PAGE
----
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2009
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The awards committee is prowd to announce the winners of the

2009 Technogy Innovations Award

 

First Place awarded $5,000.00: 

Team 1810 the Psychotechnia

Applicants were Robert Larson and Arron Robertson.  Award to be split between the 2 winners

    DRIVE TRAIN MOTORS First Robotics drive trains are restricted by the limited variety of motors that are supplied in the kit. Teams have to purchase expensive gearboxes to utilize most motors. Window / seat motors are too low geared to be usable.  Our design overcame this problem by using a window motor with a pulley system mounted on a single plate. This accomplishes the goal while still being efficient with our space, weight and ease of fabrication.

 

Second Place awarded $2,000.00: 

Team 1810  the Psychotechnia

Applicants was Bryant Webb

     CHASSIS INNOVATION USING PVC PIPING Our Robotics team made the decision to use PVC piping in the construction of our chassis. This saved weight and time; we were able to build a 15 lbs chassis in few days of construction. This also introduced some interesting challenges such as how to mount components on a round chassis and how make a chassis strong enough to weather the strain of competition.

 

Team Award, $500.00 for each winning team

Team 1810 the Psychotechnia

$1,000.00 awarded to the team

 

 

Entries: 

Team 1444, The Lightning Lancers

     PLANETARY HARMONIC TRANSMISSION The planetary-harmonic transmission is a bold and innovative design that thrives in today's market.  In a world where everything is being made smaller and more efficient, the planetary-harmonic excels.  With its capability for a small footprint and high gear ratios, the planetary-harmonic transmission combines form and function in a very innovative way.  This quality is especially valuable in robotics (and specifically, FIRST Robotics) where size restrictions are of the utmost importance.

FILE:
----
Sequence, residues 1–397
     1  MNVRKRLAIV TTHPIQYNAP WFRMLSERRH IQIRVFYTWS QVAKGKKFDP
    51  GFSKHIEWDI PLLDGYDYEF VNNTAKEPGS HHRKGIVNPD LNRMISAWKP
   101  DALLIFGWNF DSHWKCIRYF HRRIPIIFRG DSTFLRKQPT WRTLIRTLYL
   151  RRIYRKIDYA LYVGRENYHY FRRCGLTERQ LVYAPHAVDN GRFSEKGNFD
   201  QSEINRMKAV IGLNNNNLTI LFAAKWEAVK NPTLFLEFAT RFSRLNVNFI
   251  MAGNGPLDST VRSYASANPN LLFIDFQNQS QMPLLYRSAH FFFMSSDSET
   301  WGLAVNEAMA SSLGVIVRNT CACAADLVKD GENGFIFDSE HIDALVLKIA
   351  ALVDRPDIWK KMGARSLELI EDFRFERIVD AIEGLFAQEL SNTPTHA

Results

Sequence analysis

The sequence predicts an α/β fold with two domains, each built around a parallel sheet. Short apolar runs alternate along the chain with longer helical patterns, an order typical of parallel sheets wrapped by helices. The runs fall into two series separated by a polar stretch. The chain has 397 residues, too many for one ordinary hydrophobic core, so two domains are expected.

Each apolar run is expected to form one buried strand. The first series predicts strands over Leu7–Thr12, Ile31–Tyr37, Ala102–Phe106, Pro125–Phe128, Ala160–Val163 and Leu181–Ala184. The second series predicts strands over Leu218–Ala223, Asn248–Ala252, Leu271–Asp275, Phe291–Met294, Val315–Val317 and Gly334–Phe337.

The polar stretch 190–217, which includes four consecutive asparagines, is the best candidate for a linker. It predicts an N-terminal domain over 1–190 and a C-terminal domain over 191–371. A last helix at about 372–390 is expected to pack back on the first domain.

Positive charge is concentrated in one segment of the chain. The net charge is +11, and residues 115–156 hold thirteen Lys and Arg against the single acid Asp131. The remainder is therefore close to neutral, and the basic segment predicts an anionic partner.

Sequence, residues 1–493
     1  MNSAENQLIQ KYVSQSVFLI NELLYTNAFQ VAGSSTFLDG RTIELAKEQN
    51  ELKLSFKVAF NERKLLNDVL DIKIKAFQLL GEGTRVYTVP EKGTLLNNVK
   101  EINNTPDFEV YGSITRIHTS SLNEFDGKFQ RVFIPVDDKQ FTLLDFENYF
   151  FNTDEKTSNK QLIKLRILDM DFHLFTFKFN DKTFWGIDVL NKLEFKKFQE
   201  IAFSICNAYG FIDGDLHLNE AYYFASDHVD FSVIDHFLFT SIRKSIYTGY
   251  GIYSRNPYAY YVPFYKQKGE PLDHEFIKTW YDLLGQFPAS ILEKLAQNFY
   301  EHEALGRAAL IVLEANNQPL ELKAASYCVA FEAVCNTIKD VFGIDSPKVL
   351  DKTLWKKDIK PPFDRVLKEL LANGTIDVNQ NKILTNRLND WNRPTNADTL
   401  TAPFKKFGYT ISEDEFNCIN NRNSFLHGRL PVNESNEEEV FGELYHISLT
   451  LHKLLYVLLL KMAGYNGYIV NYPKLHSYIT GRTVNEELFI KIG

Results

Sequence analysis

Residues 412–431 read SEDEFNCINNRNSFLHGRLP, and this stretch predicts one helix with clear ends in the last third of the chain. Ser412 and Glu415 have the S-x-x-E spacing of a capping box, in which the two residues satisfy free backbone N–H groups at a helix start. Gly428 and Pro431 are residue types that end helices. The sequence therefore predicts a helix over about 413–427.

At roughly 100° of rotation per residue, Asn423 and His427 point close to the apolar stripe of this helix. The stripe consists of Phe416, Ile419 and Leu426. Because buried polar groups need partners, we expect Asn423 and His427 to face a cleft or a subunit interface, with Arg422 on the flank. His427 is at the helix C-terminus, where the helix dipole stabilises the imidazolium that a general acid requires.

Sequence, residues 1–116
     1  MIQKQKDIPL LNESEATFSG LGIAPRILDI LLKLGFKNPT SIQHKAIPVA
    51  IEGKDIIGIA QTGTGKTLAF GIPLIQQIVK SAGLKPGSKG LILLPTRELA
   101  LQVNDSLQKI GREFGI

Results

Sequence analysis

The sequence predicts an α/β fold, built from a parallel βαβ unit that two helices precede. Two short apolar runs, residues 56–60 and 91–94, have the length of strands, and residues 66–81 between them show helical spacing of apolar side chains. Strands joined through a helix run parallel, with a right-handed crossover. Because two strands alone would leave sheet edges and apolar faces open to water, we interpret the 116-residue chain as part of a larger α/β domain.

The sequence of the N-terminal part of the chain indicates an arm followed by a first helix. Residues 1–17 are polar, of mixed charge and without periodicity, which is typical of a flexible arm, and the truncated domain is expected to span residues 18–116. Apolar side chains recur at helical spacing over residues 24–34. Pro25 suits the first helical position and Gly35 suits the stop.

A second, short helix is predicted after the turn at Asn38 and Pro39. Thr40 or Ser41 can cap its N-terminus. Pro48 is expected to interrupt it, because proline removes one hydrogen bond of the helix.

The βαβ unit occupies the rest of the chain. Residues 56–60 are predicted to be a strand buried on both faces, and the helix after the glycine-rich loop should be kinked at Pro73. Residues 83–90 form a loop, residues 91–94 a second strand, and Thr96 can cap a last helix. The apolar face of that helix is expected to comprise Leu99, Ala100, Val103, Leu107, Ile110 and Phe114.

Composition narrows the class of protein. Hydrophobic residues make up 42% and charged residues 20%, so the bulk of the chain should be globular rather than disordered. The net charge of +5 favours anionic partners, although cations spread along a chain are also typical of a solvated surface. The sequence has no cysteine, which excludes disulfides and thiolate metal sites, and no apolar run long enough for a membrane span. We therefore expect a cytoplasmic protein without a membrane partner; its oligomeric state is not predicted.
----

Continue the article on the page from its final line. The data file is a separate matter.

Team 931, Perpetual Chaos

     ENHANCED WEIGHT REDUCTION  Weight reduction is an important robot design goal. A typical approach is to drill holes to reduce weight.  Strength-to-weight ratio can be improved by moving to triangular shaped holes.  These designs can be enhanced by computer modeling of structures, forces and stresses, and then verified by actual testing. We used an aluminum   C-channel beam, integral to our 2009 robot.  We designed an improved beam using Autodesk Inventor and MD-Solids, fabricated and tested both to determine an actual failure point compared to computer models.  We concluded lighter structures can be designed with safety margins given approximate forces and computer modeling.

 

 Team 1094, The River City Robots Channel Cats

     CONVEYOR SYSTEM DESIGN  Our team developed a dual conveyor system for efficient handling of Lunacy balls. This conveyor system used tubing to raise balls into a hopper, with a second conveyor belt system used as the “floor” of the hopper. The hopper conveyor belts could rotate right or left to shoot balls out either side of the robot. Ball control was a challenge, so we added extra components at each port to give positive control. In addition, we developed strategies that exploited the strength of our conveyor design, leading to our qualification for the finals in two regional events.

 

Team 71, The Beast

    THRUSTER FANS  Thruster fans (also referred to in the report as induct fans) that have been incorporated into our 2009 robot design have assisted the robot in acceleration.  The manner in which they were mounted on top of the drive wheels enabled the fans to set their force in the direction of driving set by the operator. This unique design also has a second benefit when it comes to your opponent trying to score moon rocks, this year’s game pieces. If a team is trying to score in your cart (that is, the goal being towed behind you), acceleration of your robot allows the Thruster fans to blow air, blowing away and redirecting the moon rocks from being scored. This added benefit occurred because of the air flow of the fans

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